In 1970s London, successful solicitor, David “Dai” Llewellyn Evans, is bored. Brought from Wales to be take a position at a law firm as an assistant solicitor to handle matrimonial law and court work, he soon found himself charming his way up the firm’s ranks to partner. Despite the disadvantage of being Welsh in 1970s England, Dai has prospered, is spent mostly preparing wills, and as he has become more successful, he has become more and more restless, with only two passions in life to occupy him – women and polo.
“To paraphrase Kipling, his view was that a woman was just a woman, but a polo pony was a horse and both were placed at his disposal for riding at every opportunity.”
But polo and women are expensive occupations, one that a solicitor cannot afford to keep up without some form of extra income, an income that he has shrewdly secured through the creation of the Bethesda Bat Sanctuary – a false charity in his aunt Bronwyn’s name that is funded through the wills of women that Dai can convince to leave a donation when he is writing their final testaments.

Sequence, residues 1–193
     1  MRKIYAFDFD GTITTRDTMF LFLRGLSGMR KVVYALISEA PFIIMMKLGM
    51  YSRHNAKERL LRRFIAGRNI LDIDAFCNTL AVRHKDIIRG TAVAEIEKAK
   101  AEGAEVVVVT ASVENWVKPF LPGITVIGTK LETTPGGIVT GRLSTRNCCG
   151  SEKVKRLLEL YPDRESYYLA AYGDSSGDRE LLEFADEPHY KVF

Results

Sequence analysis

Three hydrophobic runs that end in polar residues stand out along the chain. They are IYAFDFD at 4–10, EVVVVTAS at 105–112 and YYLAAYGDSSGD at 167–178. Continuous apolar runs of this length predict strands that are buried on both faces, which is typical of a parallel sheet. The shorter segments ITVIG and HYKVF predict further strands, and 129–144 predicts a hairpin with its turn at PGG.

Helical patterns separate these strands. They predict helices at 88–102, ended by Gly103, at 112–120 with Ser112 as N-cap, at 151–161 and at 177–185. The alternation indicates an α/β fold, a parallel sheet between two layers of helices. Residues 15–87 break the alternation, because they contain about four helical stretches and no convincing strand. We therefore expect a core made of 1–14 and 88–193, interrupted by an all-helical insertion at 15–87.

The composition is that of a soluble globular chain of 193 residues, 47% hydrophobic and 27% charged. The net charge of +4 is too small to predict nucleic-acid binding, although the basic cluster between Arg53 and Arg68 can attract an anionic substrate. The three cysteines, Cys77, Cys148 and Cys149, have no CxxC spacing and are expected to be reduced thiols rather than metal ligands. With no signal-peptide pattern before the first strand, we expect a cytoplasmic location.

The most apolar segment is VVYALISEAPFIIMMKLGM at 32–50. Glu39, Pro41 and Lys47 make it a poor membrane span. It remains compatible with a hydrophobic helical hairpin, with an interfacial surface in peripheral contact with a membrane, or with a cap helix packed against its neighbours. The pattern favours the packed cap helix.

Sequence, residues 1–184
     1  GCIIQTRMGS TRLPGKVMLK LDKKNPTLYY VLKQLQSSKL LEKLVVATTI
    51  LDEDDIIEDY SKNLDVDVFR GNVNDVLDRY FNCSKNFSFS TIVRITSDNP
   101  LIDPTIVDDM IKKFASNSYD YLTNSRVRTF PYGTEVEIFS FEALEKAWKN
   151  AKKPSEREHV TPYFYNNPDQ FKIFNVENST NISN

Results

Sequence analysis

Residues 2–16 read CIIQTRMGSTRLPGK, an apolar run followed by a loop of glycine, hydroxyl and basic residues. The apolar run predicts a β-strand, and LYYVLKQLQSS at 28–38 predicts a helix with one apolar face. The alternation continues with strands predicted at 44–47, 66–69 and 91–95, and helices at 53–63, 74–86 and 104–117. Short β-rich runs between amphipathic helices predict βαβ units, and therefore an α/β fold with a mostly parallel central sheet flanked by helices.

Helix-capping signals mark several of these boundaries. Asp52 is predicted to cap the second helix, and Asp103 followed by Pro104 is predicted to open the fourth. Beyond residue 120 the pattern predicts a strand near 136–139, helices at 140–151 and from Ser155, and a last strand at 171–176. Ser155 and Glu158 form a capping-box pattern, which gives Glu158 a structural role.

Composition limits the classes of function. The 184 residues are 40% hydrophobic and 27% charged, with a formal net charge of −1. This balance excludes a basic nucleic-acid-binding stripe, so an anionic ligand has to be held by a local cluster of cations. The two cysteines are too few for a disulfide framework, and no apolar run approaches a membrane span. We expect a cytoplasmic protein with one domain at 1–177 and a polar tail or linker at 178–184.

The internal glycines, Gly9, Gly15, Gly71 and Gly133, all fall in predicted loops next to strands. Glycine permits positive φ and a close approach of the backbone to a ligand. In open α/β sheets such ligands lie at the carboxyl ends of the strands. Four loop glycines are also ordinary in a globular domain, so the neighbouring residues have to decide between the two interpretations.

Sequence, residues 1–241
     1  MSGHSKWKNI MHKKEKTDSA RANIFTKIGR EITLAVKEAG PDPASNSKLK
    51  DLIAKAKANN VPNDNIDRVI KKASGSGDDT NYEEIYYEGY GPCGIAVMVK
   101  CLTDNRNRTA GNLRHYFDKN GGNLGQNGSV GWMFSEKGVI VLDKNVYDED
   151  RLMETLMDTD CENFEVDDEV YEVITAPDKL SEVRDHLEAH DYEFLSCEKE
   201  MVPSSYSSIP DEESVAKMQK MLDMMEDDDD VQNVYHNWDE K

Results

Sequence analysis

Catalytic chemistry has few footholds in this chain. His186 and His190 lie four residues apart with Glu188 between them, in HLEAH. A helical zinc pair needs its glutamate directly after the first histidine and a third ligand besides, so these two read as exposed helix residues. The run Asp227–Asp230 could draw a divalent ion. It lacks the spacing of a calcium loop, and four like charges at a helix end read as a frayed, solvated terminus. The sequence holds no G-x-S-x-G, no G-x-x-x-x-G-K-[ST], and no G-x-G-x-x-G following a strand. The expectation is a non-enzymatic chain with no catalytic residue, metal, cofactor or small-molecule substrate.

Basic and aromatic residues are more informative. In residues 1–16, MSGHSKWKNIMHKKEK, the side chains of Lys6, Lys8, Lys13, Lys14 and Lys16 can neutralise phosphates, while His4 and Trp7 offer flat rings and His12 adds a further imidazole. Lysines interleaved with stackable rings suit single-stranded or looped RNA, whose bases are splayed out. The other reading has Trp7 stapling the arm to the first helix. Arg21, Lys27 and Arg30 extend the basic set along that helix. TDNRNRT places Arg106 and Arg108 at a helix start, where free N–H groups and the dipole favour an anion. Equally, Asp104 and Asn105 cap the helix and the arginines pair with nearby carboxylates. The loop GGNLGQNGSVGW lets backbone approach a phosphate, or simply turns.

“Thus it was that he had recently been visiting a doctor’s wife, ostensibly to take instruction for a will, but in reality to give her a good rogering on the living room floor. He smiled to himself when he recalled how, when one of his colleagues had asked him how much longer it would take him to finalise the matter, he had replied that he was pretty confident that a couple more visits should be sufficient to enable him to put things to bed.”
But he soon grows tired of one woman, his desires wandering from court reporters, probation officers and even the women at the polo club. Not only this, but his son, Owen, not born to his wife, living in Wales in Bethesda, is suspicious of his father and the bat sanctuary that exists in Bronwyn’s name.
But Dai sees life as idyllic, it is not until Daisy, a court clerk has caught his eye that things start to unravel.
“there was no shadow boxing, no enigmatic looks”
She spells the beginning of disaster for the philandering rogue. Can Dai preserve his career, place at the polo club, keep the happy family façade intact and still enjoy one his greatest pleasures in life?
“He felt, to say the least, distracted, but there was also an inner core of anxiety rising in his mind, which he failed to stifle. Surely this impotence, he thought, couldn’t be anything more serious or even, it occurred to him with horror, permanent?! He couldn’t bear to think about it. The prospect was too dreadful to contemplate.”